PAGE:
Nic Bideau - Athletics - AthletesVoice
Nic Bideau - Athletics - AthletesVoice


Tough call, but the right call

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Tough call, but the right call


The first thing I have to say about this whole issue surrounding Caster Semenya is that I have much admiration for how she has dealt with it and a great deal of sympathy for her.


The whole thing is unfortunate for Caster who has found herself here through no fault of her own. Caster has done nothing wrong and nor have the other athletes who will be affected by today’s Court of Arbitration in Sport ruling.


I don’t know how Caster will react to the CAS decision to uphold IAAF regulations requiring athletes who have higher than natural female testosterone to take drugs to compete. From what I have seen of her, I am sure it will be with dignity, despite her having great cause to be angered by it.


This is the one factor that I see so distasteful in all this: that Caster will be required to take drugs to alter her natural body to continue competing in events 400 metres to the mile, when everywhere else we are taught that there is no place for drugs in sport.


I am sure everyone wants to see Caster have the right to compete in sports and I don’t know of anyone who is comfortable with her being told to take drugs or be denied this opportunity.


But I am yet to hear of another way for Caster to continue racing in her best events in a fair competition with other women.



It’s obviously a complex issue, but for the sake of fair sport for women athletes, the decision had to be made.


Caster has been the face of this issue but, in the end, it is not about her. There are others and there will always be someone else emerge eventually.


There have been other athletes before. Of course, there will be more in the future. It’s just that she has been so dominant it has came to the fore.



DRawing the line

The CAS judges dismissed Caster’s appeal against measures imposed by the IAAF targeting athletes with “differences of sexual development” (DSD).


The judges said that the rules were a “necessary, reasonable and proportionate means of achieving the IAAF’s aim of preserving the integrity of female athletics.”


There has to be a line somewhere between the two divisions of our sport, men’s and women’s athletics. We may prefer a clear line. As the debate has shown around this, it’s instead a very murky line.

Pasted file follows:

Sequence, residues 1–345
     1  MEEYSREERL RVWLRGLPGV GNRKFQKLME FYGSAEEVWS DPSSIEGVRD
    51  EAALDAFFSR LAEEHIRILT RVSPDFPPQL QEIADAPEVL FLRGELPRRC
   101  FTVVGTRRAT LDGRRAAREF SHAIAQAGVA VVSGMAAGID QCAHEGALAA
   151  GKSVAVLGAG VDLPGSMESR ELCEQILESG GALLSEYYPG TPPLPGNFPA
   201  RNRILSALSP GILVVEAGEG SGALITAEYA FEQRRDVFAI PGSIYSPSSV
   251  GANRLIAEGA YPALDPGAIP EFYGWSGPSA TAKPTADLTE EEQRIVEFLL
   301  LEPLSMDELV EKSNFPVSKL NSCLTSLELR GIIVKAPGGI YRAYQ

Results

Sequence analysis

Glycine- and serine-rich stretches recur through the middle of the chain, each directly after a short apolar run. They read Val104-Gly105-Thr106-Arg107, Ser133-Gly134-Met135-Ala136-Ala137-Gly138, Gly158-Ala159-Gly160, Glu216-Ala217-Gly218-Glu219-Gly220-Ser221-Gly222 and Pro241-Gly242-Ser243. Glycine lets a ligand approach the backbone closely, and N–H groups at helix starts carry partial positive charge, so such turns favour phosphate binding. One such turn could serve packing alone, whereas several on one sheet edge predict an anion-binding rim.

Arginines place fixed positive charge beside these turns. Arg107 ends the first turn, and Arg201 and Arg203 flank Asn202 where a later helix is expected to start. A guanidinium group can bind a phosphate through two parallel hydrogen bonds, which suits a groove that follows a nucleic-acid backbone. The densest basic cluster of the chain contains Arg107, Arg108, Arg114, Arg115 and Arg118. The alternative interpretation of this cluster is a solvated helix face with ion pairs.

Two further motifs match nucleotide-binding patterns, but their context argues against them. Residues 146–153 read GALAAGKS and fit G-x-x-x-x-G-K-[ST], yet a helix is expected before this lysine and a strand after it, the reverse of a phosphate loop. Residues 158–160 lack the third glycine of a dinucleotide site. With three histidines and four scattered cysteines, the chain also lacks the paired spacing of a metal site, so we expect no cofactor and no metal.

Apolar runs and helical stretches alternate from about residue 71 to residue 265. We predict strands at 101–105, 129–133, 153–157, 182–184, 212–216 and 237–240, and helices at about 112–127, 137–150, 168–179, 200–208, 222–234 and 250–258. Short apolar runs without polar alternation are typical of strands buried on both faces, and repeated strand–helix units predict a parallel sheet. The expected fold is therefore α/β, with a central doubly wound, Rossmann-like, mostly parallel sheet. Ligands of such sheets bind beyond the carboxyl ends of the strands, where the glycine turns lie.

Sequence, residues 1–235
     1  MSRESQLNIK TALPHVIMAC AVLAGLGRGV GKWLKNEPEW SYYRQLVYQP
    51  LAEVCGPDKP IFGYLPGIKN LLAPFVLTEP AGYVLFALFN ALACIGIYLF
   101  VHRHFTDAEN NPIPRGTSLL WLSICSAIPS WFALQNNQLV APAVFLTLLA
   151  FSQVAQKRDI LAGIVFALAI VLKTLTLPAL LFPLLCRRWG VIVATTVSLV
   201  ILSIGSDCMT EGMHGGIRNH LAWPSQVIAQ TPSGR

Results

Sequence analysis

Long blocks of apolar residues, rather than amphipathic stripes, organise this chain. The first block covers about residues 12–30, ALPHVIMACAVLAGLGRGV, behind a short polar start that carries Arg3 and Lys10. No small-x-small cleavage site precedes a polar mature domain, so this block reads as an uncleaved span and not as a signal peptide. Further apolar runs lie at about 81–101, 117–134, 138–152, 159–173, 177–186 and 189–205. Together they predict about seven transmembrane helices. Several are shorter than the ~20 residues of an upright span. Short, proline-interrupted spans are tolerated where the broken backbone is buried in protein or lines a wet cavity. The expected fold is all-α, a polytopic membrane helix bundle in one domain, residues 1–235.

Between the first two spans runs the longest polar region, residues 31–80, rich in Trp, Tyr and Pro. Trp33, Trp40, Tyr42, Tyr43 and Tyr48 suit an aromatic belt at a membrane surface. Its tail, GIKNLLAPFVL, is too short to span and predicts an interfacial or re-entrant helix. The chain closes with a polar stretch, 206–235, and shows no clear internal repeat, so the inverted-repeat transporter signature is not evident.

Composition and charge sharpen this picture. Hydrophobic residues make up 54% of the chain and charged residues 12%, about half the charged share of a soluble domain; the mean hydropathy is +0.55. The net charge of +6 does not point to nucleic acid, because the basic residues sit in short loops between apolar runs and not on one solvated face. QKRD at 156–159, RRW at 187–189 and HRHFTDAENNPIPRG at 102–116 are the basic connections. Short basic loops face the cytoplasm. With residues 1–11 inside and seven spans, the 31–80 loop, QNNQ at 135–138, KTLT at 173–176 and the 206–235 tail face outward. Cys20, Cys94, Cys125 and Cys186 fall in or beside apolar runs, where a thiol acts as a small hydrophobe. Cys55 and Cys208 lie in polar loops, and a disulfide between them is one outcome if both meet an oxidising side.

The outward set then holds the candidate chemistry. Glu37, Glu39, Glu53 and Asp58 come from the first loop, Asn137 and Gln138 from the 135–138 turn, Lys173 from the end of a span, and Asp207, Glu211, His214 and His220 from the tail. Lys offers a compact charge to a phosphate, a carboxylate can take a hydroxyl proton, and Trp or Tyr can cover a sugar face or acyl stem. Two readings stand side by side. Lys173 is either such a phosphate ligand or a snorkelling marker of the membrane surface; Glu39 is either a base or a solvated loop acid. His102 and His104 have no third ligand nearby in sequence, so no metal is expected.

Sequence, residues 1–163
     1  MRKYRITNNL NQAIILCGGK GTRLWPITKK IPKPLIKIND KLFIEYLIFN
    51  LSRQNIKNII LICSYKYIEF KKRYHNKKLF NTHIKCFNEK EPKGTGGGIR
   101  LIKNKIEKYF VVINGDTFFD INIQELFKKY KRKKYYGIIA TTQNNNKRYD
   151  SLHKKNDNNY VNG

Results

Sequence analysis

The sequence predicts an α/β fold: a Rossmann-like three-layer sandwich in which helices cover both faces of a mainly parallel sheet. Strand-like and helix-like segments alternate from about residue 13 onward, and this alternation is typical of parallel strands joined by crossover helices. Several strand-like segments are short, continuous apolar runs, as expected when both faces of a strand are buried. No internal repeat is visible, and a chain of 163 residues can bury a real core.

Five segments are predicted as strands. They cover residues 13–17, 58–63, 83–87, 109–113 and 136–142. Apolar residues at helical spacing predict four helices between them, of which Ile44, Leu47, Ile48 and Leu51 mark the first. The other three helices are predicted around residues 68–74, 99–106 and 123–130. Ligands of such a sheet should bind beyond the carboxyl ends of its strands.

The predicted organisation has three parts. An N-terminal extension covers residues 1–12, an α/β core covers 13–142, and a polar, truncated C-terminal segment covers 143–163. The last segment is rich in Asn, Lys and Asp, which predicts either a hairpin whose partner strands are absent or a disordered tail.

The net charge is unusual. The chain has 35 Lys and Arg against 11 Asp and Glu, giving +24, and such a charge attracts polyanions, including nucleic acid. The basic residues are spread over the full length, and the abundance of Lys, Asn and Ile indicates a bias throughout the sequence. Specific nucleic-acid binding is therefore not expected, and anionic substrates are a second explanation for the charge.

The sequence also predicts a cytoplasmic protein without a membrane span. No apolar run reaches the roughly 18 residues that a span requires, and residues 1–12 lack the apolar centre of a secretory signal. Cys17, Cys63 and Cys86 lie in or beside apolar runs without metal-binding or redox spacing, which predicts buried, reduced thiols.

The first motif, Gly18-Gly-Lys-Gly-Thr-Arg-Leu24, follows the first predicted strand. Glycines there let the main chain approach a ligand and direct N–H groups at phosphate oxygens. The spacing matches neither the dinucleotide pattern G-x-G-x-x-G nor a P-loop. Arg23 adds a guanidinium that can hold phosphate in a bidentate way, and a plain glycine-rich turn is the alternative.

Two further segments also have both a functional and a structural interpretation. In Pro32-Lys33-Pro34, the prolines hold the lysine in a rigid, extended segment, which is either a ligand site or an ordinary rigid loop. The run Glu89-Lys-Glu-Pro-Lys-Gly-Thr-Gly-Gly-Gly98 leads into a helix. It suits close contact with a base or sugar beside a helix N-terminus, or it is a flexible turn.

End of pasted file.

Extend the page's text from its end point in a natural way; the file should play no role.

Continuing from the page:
However, without some line, there would not be women’s athletics and everything would be won by male athletes. Everyone would be competing in the same category. To me, this is clearly unsatisfactory.


It’s obviously a complex issue, but for the sake of fair sport for women athletes, the decision had to be made.


Athletics is one of the few sports where men’s and women’s divisions compete in the same stadium at the same events – only the men compete against other men and the women compete against other women.


The women’s races are no less exciting than the men’s, often more so.


It is very important for women in our society to be able to compete in these races. To have the opportunity to succeed, earn acclaim, financial reward and respect as champions of their division, competed for on an equal basis.



Anyone who has watched Caster compete in a top-level international 800 metres race will have seen she has an advantage and is not competing with most of her rivals on an equal basis.


The advantage is due to sex characteristics she has or, more specifically, the testosterone she produces that most of her rivals do not.


The argument that there are plenty of cases of athletes having physical advantages over their rivals, such as height, length of limbs, more fast-twitch fibres or whatever does not stand up. This is simply because there is no division in athletics decided by leg length, height, fast-twitch fibres or anything else, except the sex they are. 





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